Countering the public’s poor perception of PR

In a society where instant communication is the accepted (and expected) norm and where citizens are actively engaging with brands, it’s no surprise that Public Relations has become a key component of any business’ communications strategy.

That being said, PR as an industry is known for having a less than favourable reputation thanks to a few unscrupulous actors who have been falsely assumed to be demonstrative of the industry as a whole – Yes, we’re blaming you, Max Clifford…

Do not assume Ab Fab is accurate… its not. Credit: Sports Relief 2012

The irony of this poor rep is not lost on us.

Contrary to the misconception, PR professionals are not evil propaganda merchants weaving a web of lies for the public.

Viv Segal (Managing Director of South Africa’s Sefin Marketing) said that “PR means telling the truth and working ethically, even when all the media want is headlines and all the public wants is scapegoats. Public relations fails when there is no integrity”, and that’s a statement that is heartfelt amongst many of my peers.

Yes, what we do is centred around managing our clients’ reputations, and yes, our aim is to promote their brand and the work they do. But rather than some sinister plot of lies and spin, we do this by paying attention to what the public is interested in, finding solid connections with the work of our businesses, and by building relationships with those who matter whether they’re journalists, influencers, celebrities or Joe Bloggs from down’t road.

The main issues we face can be isolated in a variety of ways but at the end of the day, it all boils down to a lack of trust.

We have a symbiotic relationship with journalists – though they remain the gatekeepers to our securing media coverage. By lazy PRs – or those new enough to the industry to not know any better –sending out swathes of badly-written, untargeted, and often unsound press releases with often little actual news value, this relationship is being eroded.  When you consider how many of these they must receive on a weekly basis – given that there are approximately 55’000 PR professionals currently working in the UK according to the most recent ONS Labour Force Survey – is it any surprise why they are becoming increasingly cynical and unwilling to work with us.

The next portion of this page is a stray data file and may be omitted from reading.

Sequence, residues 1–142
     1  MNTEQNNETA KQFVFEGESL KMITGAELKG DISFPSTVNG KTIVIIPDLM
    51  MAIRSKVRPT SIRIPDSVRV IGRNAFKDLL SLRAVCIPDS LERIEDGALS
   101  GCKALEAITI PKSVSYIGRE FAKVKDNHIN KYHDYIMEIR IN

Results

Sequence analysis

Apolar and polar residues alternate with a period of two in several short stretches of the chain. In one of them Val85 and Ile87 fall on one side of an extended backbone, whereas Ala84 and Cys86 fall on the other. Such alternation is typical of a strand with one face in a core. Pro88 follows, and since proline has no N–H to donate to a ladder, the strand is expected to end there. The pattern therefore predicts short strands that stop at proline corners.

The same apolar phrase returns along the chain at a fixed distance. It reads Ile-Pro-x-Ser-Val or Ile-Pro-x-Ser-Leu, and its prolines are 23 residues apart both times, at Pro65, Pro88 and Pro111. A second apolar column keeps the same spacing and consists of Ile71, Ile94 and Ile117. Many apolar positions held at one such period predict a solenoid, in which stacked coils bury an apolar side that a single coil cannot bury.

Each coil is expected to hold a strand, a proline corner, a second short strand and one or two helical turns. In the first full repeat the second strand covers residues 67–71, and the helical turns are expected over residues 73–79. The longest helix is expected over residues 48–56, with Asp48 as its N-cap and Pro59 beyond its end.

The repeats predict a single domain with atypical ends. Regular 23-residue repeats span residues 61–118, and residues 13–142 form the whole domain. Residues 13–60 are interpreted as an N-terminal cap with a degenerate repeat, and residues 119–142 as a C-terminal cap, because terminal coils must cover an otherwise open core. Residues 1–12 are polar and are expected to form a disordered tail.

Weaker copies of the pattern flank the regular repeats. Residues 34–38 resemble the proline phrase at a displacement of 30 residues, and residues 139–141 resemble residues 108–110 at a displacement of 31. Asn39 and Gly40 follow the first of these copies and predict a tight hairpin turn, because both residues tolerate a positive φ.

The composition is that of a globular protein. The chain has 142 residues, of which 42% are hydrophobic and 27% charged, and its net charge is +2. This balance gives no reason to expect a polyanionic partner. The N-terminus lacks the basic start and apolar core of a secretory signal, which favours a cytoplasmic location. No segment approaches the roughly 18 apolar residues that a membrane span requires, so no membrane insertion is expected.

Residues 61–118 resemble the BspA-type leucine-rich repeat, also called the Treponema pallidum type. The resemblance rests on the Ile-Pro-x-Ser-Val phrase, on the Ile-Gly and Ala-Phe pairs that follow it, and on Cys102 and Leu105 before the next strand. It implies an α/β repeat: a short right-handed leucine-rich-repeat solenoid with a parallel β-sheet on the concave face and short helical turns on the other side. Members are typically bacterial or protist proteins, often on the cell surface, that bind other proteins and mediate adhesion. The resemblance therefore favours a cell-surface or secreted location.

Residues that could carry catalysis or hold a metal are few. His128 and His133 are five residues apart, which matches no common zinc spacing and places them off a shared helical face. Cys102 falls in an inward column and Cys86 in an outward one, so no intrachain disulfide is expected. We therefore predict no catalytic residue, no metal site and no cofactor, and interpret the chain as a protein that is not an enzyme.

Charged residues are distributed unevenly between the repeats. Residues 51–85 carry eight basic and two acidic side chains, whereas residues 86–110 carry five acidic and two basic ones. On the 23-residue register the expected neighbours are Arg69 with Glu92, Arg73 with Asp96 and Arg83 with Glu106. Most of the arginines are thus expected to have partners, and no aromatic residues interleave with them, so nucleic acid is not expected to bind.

Counteracting this issue is one that can only be tackled by good work being created on an agency by agency basis, with experienced PR professionals teaching those more junior what is and isn’t appropriate.

That however is not the whole picture. Its not longer enough for agencies to just come up with great creative content. Although this is indeed the first step, we must additionally assess and prove the impact of our work.

That means… METRICS.

Everything we do for a client must be measured; and measurement must be methodic, regular, segmented, accessible and agile. We may generate customised PR reports containing our outputs and then create clipping decks to trace how these outputs performed. The primary focus of most measurement for PR professionals is qualitative i.e., how our clients look, where our work has been published, the tone attached by the journalist to our clients information. This is the core challenge for us to meet as clients often find it easier to understand and appreciate concrete quantitative information on the number of press releases published, number of attendees to an event or number of ‘likes’ or ‘follows’ to a page.

No matter what type of measurement we use however, tying our results to our overall objective(s) is imperative. After all, outputs that don’t relate to what we are attempting to accomplish are really just wasted energy.

By applying the principles of good communications to our own industry, businesses and careers – rather than just to the work we do for our clients – we can better challenge the next person who jokes about our industry being full of spin, and perhaps educate them a bit more about what we actually do and what our work can accomplish.

Do you have any bigger ideas on how we can change the perception on PR? Let me know in a comment below.

I’m nice when you get to know me, honest!

Day in the life

Making that transition from education into professional life can often be a struggle. Suddenly, you’re expected to hit the ground running and put all that theory into practice with often only the support of your colleagues and online career advice to guide you.

That being said, it’s important to get an idea of what you’re jumping into as an Account Executive so – taking into consideration that no day is really the same in PR – I thought I’d grant you all a small exposé as to what a normal day at London’s Houston PR (the agency which gave me my ‘break’ into the world of professional public relations) would involve.